Rolex prices are expected to rise as demand does not indicate a decline in 2022

Danny Shahid at DWL’s Burlington Arcade store.

Predicting what will happen to watch companies this year is difficult given the prevalence of omicron disease worldwide, but some trends have been reversed by the epidemic, as well as the long-term decline in unicorn watches from Rolex, Audemars Piguet and Patek. Philippe seems to continue to show Danny Shahid, CEO of London watch trading company DWL.

Advanced watches cannot produce enough watches right now to meet their needs.

This is partly due to the complexity of the population, but this inequality is not new, it has been happening for the past five years for models such as Royal Oak, Daytona and Nautilus.

The new one is a growing list of testimonials that are now being sold in the secondary market at affordable prices.

Lower prices mean that everyone is crammed into the pile, making the demand worse.

This situation will not end soon.

What other things can we see this year?

See aficionado Danny Shahid, who works outside DWL a shopping mall on Mayfair’s Burlington Arcade, predicts where the market is heading in 2022.

Red warning

What will no doubt continue this year is the color and love of the people of green and blue, with Patek Philippe Nautilus the green singer and Tiffany’s recent blue collaboration that is attracting attention.

For Rolex, Audemars Piguet, Patek and other high-end brands, this could continue in other bright colors such as red and yellow while customers and collectors are looking for bold looking watches.

The green and blue dials continue to dominate the market and drive inflation, meeting the longest waiting list on the market.

However, productions featuring H. Moser & Cie, Oris and others are enhancing their music with a variety of red carpets.

The collection set up in conjunction with the Rolex Oyster Perpetual is helping to look red as the newest and most representative music brand on the market right now.

Great demand

One of the things that needs to continue is the disappointing downturn, compared to the demand, which has gripped the world of watchmaking since the end of 2016.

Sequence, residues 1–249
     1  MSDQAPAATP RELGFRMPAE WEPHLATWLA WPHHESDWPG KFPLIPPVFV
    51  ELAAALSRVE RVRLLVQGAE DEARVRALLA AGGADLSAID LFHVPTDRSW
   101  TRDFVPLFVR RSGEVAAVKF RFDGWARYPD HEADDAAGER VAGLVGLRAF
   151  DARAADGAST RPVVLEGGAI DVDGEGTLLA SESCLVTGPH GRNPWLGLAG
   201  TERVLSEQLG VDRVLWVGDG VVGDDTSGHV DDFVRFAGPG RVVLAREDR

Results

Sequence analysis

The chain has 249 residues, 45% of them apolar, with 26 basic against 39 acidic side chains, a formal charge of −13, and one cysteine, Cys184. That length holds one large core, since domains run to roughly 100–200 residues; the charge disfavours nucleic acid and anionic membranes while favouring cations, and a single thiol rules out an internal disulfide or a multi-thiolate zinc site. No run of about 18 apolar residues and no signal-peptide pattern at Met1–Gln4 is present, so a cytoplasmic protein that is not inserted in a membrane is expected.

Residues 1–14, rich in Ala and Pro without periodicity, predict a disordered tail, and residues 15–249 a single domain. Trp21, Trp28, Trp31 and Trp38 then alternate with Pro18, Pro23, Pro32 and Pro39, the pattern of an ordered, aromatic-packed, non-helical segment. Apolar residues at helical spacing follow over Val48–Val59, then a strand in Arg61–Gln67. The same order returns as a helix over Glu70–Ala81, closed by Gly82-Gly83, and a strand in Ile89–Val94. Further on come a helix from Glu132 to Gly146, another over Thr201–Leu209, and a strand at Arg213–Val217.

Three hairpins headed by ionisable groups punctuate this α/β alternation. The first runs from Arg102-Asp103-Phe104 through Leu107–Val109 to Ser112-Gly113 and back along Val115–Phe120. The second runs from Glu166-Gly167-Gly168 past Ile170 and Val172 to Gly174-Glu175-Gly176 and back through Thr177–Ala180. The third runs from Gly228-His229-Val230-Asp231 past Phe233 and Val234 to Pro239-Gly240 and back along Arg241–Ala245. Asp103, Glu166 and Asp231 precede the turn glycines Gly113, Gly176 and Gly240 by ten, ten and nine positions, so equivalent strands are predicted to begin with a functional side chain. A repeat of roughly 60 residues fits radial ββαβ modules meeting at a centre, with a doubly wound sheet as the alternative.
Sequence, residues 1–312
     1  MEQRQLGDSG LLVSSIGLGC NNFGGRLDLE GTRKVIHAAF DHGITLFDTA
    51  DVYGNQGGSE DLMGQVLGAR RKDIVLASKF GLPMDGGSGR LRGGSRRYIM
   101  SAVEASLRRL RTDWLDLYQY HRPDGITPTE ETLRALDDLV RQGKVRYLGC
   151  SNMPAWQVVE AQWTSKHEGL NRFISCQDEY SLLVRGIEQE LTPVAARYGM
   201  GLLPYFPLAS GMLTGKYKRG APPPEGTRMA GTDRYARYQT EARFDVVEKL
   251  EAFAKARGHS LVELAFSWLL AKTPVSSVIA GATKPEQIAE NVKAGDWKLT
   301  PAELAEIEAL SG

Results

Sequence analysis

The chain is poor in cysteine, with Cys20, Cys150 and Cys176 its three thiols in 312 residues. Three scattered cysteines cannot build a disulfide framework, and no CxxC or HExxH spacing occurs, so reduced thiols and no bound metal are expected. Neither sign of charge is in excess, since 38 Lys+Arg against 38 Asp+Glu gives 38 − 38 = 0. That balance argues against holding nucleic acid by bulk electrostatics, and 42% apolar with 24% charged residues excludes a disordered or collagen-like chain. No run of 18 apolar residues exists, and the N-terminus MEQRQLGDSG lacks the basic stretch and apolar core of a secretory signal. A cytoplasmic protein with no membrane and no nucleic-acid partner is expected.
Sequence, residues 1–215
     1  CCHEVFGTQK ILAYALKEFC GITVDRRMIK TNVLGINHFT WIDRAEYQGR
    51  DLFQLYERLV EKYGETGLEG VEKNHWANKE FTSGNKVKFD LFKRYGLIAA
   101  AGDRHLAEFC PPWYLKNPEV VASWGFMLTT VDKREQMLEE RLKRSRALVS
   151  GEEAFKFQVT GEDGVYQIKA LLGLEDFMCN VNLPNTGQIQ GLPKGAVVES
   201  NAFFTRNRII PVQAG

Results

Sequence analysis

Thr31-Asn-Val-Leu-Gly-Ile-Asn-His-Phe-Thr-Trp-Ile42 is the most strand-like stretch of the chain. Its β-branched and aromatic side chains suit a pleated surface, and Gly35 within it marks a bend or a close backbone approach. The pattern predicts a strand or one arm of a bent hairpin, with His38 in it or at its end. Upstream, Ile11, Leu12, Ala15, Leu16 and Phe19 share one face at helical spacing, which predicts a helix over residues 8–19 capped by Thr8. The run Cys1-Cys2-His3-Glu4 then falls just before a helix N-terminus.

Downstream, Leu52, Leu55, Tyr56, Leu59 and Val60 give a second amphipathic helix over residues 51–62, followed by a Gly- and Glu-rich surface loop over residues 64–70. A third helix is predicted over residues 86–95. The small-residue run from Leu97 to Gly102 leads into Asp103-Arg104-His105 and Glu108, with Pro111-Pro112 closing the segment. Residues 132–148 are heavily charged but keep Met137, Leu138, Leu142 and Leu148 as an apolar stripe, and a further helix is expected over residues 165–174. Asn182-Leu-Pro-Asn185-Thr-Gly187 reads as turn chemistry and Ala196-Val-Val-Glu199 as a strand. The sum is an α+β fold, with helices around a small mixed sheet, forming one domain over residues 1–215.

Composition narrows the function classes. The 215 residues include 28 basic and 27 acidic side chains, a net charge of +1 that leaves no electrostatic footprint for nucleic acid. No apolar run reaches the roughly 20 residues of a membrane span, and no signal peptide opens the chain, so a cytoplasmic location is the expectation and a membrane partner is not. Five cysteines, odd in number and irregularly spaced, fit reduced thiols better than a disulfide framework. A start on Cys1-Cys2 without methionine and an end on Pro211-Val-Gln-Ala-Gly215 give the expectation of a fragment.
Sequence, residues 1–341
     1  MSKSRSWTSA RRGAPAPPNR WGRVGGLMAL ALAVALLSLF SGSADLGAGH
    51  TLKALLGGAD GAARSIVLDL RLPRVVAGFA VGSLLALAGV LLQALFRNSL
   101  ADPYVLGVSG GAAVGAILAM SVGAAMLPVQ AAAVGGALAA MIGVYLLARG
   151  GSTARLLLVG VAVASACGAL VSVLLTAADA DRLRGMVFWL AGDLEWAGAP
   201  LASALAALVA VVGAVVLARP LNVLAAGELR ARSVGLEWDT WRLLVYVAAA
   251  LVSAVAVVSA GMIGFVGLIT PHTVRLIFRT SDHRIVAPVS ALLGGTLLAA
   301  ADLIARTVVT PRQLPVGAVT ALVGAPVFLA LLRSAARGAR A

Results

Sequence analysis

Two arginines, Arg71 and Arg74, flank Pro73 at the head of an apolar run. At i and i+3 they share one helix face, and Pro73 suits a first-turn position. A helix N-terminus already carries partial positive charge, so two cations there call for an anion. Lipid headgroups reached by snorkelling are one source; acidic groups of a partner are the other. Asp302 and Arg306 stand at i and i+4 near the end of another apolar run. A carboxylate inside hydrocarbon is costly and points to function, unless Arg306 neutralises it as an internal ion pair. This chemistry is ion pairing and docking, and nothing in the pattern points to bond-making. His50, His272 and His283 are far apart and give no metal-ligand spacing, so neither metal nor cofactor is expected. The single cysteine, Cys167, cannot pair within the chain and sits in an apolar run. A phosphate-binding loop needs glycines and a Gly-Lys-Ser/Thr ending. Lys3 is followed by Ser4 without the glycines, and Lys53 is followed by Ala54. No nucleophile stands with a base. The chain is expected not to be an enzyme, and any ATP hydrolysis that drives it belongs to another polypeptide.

In view of the declining supply chain and the current epidemic that disrupts the production of watchmakers and the timing of delivery, it is important to consider that the world’s highest clocks are low, and the need to continue to rise.

So we can freely predict that the price of watches will continue to rise this year with very few brands, if any, experiencing declines.

Since retailers are so low, it is highly unlikely that brands or reputable retailers could offer a discount.

As a result, prices in the secondary watch market may be higher than existing ones.

For low-cost watches with second-line fixed markets such as Rolex, Richard Mille, Audemars Piguet, Patek Philippe and low-end independent brands, it is hard to see anything but great appreciation.

The inclusion of prices in the current standards is the best hope for those entering the new market, although this may not be possible.

Lots of cooperation

Clockmakers are eager to partner with watchmakers, dealers, celebrities, artists and other watchmakers.

This should continue as brands seek to increase their shareholding shares and, historically, cooperation has been a key factor in the growth of the industry.

With the latest spice of Patek Philippe x Tiffany & Co. Nautilus, the most important associations are expected to appear this year.

The working tools will continue to make a lot of money in the secondary and vintage market, and even neo-vintage, pieces of alliance will see a fair appreciation.

Types that can bring good profits include Rolex Domino’s Pizza Air-Kings, Royal Family signatures and watches signed by retailers.

About the author

Danny Shahid’s DWL flagship shop is located in Mayfair’s Burlington Arcade. For more information, please visit and for more information about Danny Shahid, follow @excellencebydanny on Instagram.

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